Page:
Our comments section is intended for meaningful responses and debates in a civilized manner. We ask that you respect the fact that we are a religious Jewish website and avoid inappropriate language at all cost.

If you promote any foreign religions, gods or messiahs, lies about Israel, anti-Semitism, or advocate violence (except against terrorists), your permission to comment may be revoked.

No Responses to “When A Judge Can Recuse Himself”

Comments are closed.

Current Top Story
State Department Spokesperson John Kirby. Aug. 27, 2015.
State Dept Spox: No Worries, Parchin has No Nuclear Dimensions
Latest Judaism Stories
Rabbi Avi Weiss

The love between Gd & Israel is deeper than marriage; beyond the infinite love of parent for child

Q-A-Klass-logo

Question: When a stranger approaches a congregant in shul asking for tzedakah, should the congregant verify that the person’s need is genuine? Furthermore, what constitutes tzedakah? Is a donation to a synagogue, yeshiva, or hospital considered tzedakah?

Zvi Kirschner
(Via E-Mail)

Taste-of-Lomdus-logo

Since giving the machatzis hashekel will not change his financial situation, he is obligated to do so even though it is more than a fifth of his income.

Grunfeld-Raphael-logo

Today, few people fast during the Days of Selichot, but the custom is to rise early to recite Selichot.

Each month is associated with a particular tribe. The month of Elul is matched up with Gad. What makes Gad unique?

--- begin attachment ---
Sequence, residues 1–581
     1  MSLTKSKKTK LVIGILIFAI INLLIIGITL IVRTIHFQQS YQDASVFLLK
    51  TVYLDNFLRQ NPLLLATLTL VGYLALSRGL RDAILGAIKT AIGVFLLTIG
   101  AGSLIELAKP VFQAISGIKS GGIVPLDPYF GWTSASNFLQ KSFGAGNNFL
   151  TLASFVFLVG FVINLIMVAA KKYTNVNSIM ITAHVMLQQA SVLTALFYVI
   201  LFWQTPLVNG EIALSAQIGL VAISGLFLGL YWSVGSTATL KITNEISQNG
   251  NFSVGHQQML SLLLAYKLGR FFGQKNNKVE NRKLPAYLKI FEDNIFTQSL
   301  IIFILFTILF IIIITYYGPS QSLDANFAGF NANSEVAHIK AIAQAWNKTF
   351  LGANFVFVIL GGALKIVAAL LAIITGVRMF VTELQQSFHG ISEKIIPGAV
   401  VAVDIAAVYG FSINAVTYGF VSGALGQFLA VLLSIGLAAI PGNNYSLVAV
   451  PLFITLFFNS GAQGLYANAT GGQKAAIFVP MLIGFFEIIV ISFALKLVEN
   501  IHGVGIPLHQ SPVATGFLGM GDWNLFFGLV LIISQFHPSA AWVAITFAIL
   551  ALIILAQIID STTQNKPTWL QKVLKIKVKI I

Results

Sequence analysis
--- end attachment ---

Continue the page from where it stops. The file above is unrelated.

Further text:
Sanctions and indictment of the Jew, holding him to a higher standard, is as common and misplaced as ever.

To allow for free will, there are times when Hashem will allow a person the “opportunity to be the messenger.”

“There is a mitzvah to pay the worker on that day,” answered Mr. Lerner.

Be happy. Be grateful. God knows what he is doing. It is all happening for a reason.

We get so busy living our lives, handling our day-to-day little crises that we forget to go that one step deeper and appreciate our lives.

The promise for long life only comes from 2 commandments; What’s the connection between them?

Mighty Amalek deliberately attacked enemy’s weakest members, despicable even by ancient standards

If we parents fail to honor responsibilities then society’s children will pay the price for our sins

Consider how our Heavenly Father feels when He sees His children adopting all other parents but Him

You may wonder, how can we be excited and joyful at a time when His Judgment, not Fatherly Love, reigns supreme?

More Articles from Rabbi Raphael Fuchs
Taste-of-Lomdus-logo

Since giving the machatzis hashekel will not change his financial situation, he is obligated to do so even though it is more than a fifth of his income.

Taste-of-Lomdus-logo

We can suggest that since Hashem Himself appointed Dovid there is no question. The rules are only in place for when we must chose a king ourselves.

Perhaps a careful reading of the pesukim in the parsha will shed light on this dilemma.

The second parshah of Shema is referring to keeping the rest of the mitzvos, and there the Torah does not require that one spend all of his money in order to perform the mitzvos.

Why would Moshe Rabbeinu have thought that the vow that disallowed him to enter Eretz Yisrael was annulled simply because he was allowed to conquer and enter the land of Sichon and Og?

In addition to the restrictions of Tisha B’Av, there are several restrictions that one may not perform during the week that Tisha B’Av falls in.

We do not find that Pinchas was chastised for what he did; on the contrary he was greatly rewarded.

The Shulchan Aruch in the very first siman states that one should rise in the morning like a lion, implying that simply rising form bed requires strength of a lion, in line with the Midrash.

Printed from: http://www.jewishpress.com/judaism/parsha/when-a-judge-can-recuse-himself/2014/07/31/

Scan this QR code to visit this page online: